Only small things will be inexpensive, and only sensible things will be accessible. The wasteful person will become poor, and the spendthrift will die of cold or hunger. It will be a world of ‘skinflints', and a new art will come into being — the ‘art of recycling', which will be ever renewable. The idyllic world of the simple days gone by will soon no longer be such an ideal, because it is drawing near.
And that is also why the interpretation of early music is in crisis — the crisis of perfection. It is becoming modernistic, because it is being filled with the technology of the pride of being able to do everything, of having the full answer to everything, of being considered an expert on everything and one who has found the way to do it all, a man who exudes the certainty of being faultless.
This sound recording is a typical example. It abounds in ornamentation, stylization, detail, chords of basso continuo and special progressions. It is an extreme in the worked-out release of creative building blocks of ornamentation. It is perfect in the interplay of elements which are defined by the current trend of knowledge about the world of Baroque music.
The person who listens to it will be put into a genuinely positive frame of mind, because the music of Frantisek Ignac Antonin Tuma is genuinely beautiful, full of ideas and melodic invention, and imbued with associations of the many musical influences that came together in the spiritual world of post-Baroque Vienna. It is a sign of times that were pre-revolutionary (pre-Beethoven). Just like ours.
That is why listening to this recording ought to help one to meditate on the new world, on the meaning of the clash of old values and new hands, on the new piety, and sadness stemming from destruction, about reaching into the structure of things by perceiving them, about sensitivity, and about the limits of carving into the face of the Earth.
About the future. Who knows what we'll be playing next.

Václav Návrat

Frantisek Ignac Antonin Tuma was born on 2 October 1704 in Kostelec nad Orlici. It was from his father, the organist in Kostelec, that he received his first training in music. Later, in Prague, he attended a Jesuit seminary, and sang in the choir of the Church of St James. It was under the choirmaster there, Bohuslav Matej Cernohorsky, that he received further musical training. At the premiere of the opera Costanza e Fortezza, by Johann Joseph Fux, performed for the coronation of Emperor Charles VI as King of Bohemia, Tuma played the theorbo with Silvius Leopold Weiss. In 1722 he moved to Vienna allegedly to become Kapellmeister in a church. Tuma's name, however, first appears in the local records only in April 1729, when his son was born. In 1731 he became Court Composer and Kapellmeister to Prince Ferdinand Kinsky, who enabled him to study counterpoint under Fux. The relations between Tuma and Kinsky were excellent; for instance, the Prince was the godfather to three of Tuma's children, and in 1734 he recommended Tuma to the position of Kapellmeister in the Cathedral of St Vitus, Prague. Unfortunately the recommendation was made too late, and Tuma remained in his service till Kinsky died in 1741. Later he became head of the orchestra of Emperor Charles VI's widow. After her death, in 1750, Tuma remained on a decent pension (which she had ensured for him), and was for the next eighteen years active as a composer and accomplished player of the viola da gamba and theorbo. The Imperial Court greatly appreciated his skills as an instrumentalist. The Empress Maria Theresa commissioned him to compose on the psalm Miserere mei, and as a token of her gratitude presented him with a hundred ducats. In 1768 Tuma divorced his wife Alzbeta (Elisabeth) in order to enter the Premonstratensian monastery in Geras, Lower Austria. Five years later he came down with a chronic lung ailment, and returned to Vienna, where he died in hospital on 30 April 1774.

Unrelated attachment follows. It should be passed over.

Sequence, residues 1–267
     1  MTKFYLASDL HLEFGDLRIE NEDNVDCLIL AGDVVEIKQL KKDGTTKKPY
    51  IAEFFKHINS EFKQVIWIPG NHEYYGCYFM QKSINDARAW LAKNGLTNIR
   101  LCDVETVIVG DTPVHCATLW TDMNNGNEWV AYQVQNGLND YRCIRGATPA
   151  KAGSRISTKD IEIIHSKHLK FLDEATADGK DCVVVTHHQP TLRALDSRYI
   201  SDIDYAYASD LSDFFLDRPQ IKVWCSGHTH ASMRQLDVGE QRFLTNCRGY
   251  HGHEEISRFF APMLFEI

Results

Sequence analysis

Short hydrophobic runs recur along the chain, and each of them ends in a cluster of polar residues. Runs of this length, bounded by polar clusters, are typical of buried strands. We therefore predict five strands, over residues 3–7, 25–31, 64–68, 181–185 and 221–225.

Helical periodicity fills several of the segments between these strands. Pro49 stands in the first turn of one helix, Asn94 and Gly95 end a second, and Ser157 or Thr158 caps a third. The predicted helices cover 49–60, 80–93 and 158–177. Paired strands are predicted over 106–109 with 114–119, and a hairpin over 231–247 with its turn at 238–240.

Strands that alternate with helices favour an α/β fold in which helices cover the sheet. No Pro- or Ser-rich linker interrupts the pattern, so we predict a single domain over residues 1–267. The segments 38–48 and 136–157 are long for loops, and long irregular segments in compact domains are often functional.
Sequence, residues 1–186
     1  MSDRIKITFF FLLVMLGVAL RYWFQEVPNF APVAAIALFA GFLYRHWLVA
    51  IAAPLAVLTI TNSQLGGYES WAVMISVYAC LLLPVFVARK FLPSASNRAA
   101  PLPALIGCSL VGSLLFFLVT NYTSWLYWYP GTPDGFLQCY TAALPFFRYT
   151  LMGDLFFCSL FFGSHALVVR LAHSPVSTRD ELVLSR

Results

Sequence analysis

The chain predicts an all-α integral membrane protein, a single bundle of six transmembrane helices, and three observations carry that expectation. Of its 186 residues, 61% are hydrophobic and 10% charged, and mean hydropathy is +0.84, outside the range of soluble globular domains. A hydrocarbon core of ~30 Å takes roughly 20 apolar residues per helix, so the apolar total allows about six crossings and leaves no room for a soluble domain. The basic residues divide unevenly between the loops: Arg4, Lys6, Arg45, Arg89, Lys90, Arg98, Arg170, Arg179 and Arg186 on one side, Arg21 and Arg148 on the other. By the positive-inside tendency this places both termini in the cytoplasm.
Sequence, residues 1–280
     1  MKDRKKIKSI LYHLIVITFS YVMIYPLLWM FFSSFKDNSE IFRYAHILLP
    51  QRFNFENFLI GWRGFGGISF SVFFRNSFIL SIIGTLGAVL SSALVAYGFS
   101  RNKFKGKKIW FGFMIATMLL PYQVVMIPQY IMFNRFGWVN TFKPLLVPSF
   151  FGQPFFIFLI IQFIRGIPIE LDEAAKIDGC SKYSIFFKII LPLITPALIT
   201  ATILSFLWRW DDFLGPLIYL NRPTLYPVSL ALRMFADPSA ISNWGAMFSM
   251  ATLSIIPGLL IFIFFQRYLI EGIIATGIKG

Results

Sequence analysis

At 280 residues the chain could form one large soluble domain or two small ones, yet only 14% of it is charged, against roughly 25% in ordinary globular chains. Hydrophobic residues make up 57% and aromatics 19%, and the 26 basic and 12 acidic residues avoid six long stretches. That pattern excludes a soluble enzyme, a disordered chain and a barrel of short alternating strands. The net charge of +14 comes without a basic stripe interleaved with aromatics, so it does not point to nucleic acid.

Tuma's work belongs to the music of the Late Baroque. His instrumental compositions are known today thanks to a modern edition of his music, but his vocal compositions still await their re-introduction. Of a total of 224 compositions by Tuma only 48 are instrumental. He was chiefly a composer of church music, as is evident from his 65 masses, 25 motets, 29 vespers and psalms, 20 litanies, 13 Antiphons of the Blessed Virgin Mary, five Stabat Maters, hymns, a Magnificat, and responsorios. Some of his masses are written in a strictly contrapuntal style, under the influence of his teacher, Fux, whereas others are a capella; the more modern and interesting are closer in style to Antonio Caldara. Many of Tuma's church compositions were known by Hayden and Mozart. Among these instrumental works are his trio and quartet sonatas, symphonies, and partitas, mostly for string instruments and continuo, some of which, however, were also played by orchestras. The polyphony of the composition predominates, but there are also homophonic movements with simpler harmonies foreshadowing the Classical music that was to come.

Vítězslav Janda